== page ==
Kathrin Engisch (Committee Member), Robert Putnam (Committee Member), Christopher Wyatt (Advisor)
Master of Science (MS)
It has been previously shown that Carotid Body Type I cells have the ability to synthesize, package and release histamine in response to hypoxia, thereby contributing to the modulation of respiration within the rat. Here, isolated neonatal rat carotid body type I cells were used to identify the presynaptic effects of histamine and the specific receptor subtypes that modulate them. Although all four histamine receptor subtypes are expressed on the type I cells, and preliminary data showed promising results, further data proved that the activation of these receptors with histamine or selective agonists caused no rise in intracellular calcium ([Ca2+]i) and histamine did not augment calcium entry. Thus activation of histamine receptors on type I cells is unlikely to provide a presynaptic positive feedback mechanism during chemotransduction and any excitatory role attributed to the actions of histamine is likely to come from a postsynaptic effect on the carotid sinus nerve (CSN).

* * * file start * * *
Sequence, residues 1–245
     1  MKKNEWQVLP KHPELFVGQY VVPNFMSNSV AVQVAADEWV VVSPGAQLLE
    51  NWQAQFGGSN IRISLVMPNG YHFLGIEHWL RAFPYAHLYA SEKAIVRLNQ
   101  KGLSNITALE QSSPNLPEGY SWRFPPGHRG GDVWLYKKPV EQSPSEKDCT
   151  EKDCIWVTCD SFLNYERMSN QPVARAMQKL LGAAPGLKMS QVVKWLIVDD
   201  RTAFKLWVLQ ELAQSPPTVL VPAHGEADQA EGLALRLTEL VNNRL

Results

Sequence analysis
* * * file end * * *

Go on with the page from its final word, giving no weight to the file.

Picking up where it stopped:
Department or Program
Department of Neuroscience, Cell Biology & Physiology
Year Degree Awarded
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